The Kings won tonight's Game 1 of the Stanley Cup Final in Newark, New Jersey — 8:13 into sudden-death overtime — on a very sweet breakaway goal by Anze Kopitar, the NHL's first player from Slovenia. The Kings as a team kind of sucked all night, with errant passes, fanned-on shots and slow feet, and got lucky when the shooters for the New Jersey Devils missed several open nets. But they ended regulation time tied, and in the overtime period the Kings had their best scorer in the right place when it counted. Watch the NHL's video of Kopitar's goal above — nice and short.
The 2-1 victory means the Kings lead a Stanley Cup Final series for the second time in their history. They never did win that second game in 1993, let alone the four needed to become Cup champions. They have won all nine games they have played on the road during this year's playoffs, a remarkable string of success. They play Game 2 on Saturday in New Jersey, then come home to Staples Center next Monday.
The Devils have won the Stanley Cup three times in the last 16 years. The Kings have never won since they began play in 1967. Paul Brownfield, a former television critic for the Los Angeles Times, had a very true (and amusing) piece in the New York Times this week on the frustrations of being a multi-decade LA Kings fan. Excerpt:
The history of the Los Angeles Kings (1967 to present) is a tragedy in five acts. Or, is it more like 10 installments of an obscure mini-series? The longer you’ve been a Kings fan, the more analogies you tend to reach for, with brief, weightless pauses for singular playoff success (read that literally) and, of course, the False God Whose Name Is Gretzky period.
To come of age as a Kings fan in the late 1970s and ’80s was to find oneself wandering all over the Southern California radio dial to hear their games. For two seasons they were on a Christian station.
“It was really weird because the program leading up to our Kings pregame show would finish with a hymn or the words ‘Praise God,’ and then you would immediately hear the theme song for Kings hockey,” Bob Miller, the Kings’ longtime play-by-play announcer, recalled in an e-mail.
Prayer did help.
By the way, a hockey fan friend and I agreed early in the playoffs that one of the only unpleasant things about the Kings going deep would be that LA Times columnists Bill Plaschke and T.J. Simers would feel the need to weigh in. They have been part of the clueless-about-hockey boys club that has ruled at the LAT sports section for decades. This in spite of the paper also employing two of the city's best and most knowledgeable hockey writers in Helene Elliott and Lisa Dillman.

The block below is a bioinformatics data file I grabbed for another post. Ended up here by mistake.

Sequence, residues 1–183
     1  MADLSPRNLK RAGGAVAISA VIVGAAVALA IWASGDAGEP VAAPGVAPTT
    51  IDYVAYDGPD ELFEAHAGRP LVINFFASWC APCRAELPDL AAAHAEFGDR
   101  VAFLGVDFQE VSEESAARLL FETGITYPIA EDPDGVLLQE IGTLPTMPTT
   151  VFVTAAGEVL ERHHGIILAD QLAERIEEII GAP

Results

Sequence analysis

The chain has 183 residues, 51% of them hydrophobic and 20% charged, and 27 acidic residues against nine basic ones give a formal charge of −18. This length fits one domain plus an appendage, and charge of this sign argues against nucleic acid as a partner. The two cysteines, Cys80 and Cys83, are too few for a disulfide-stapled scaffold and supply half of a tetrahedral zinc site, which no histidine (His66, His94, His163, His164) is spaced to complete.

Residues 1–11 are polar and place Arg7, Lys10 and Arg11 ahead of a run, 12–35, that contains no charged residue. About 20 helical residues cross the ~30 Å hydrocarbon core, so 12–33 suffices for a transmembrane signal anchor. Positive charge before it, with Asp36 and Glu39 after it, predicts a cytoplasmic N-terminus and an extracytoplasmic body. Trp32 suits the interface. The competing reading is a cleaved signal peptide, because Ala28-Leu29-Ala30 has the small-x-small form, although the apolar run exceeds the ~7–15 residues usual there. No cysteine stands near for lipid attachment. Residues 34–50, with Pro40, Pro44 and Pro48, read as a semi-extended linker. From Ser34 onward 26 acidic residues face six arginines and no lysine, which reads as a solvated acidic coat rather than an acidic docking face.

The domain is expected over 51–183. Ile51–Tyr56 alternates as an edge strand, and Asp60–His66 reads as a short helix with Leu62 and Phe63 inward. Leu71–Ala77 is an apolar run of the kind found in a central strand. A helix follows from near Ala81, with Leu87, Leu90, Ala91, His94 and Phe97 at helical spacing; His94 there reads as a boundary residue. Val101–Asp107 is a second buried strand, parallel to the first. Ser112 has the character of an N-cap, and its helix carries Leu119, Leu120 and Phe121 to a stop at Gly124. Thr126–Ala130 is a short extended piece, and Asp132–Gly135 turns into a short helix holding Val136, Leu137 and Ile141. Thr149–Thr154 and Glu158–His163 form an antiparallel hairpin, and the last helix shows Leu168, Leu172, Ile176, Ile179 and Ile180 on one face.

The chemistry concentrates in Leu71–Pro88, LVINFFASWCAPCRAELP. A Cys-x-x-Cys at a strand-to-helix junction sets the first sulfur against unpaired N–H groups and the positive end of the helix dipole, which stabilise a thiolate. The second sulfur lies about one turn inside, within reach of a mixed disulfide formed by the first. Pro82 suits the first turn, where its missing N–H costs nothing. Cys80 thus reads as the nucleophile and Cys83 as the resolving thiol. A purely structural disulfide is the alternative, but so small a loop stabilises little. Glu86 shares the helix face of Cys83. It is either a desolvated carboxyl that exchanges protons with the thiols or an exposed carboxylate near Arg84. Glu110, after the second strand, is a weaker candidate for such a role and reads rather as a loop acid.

So it has happened. Plaschke and Simers have both mentioned the Kings being in the final. Simers has just done some throwaway lines, but Plaschke wants on the bandwagon (but includes the expected non-sequitir comparison of a Kings player to ex-Laker Derek Fisher.)
If there's a place to hang off the back, I want on. The larger readership of other Los Angeles sports has taken me elsewhere this season, but, with the kindly help of our hockey Hall of Fame columnist Helene Elliott (please?), I unabashedly want on now, and I promise to describe the scene here for the next two weeks for whoever wants to join me. Just don't expect it to feel like a parade. Until, of course, there actually is a parade.
In the driver's seat is Darryl Sutter, a former NHL star who was lured from his Alberta cattle farm in midseason to prod yet another highly paid, underachieving Kings team.
He's 53, yet with his weathered face and gaunt stare, he appears 20 years older. He doesn't really speak, he mumbles, so much that the players initially had trouble understanding him. He showed up for media day wearing a short-sleeve checkered shirt and a huge cellphone holder hanging from his belt. Just looking at him, it's not evident whether he's coaching hockey or dusting crops.
"It's all about the team," he said softly. "Go talk to the team."
Sutter is enough of a character that if the Kings go all the way, he could show up on Leno. He's one of six Sutter brothers to play in the NHL, and couldn't take the Kings rescue job offered to him at midseason until he took care of some cattle ranching business up in Alberta.
Sutter's post-game interview tonight: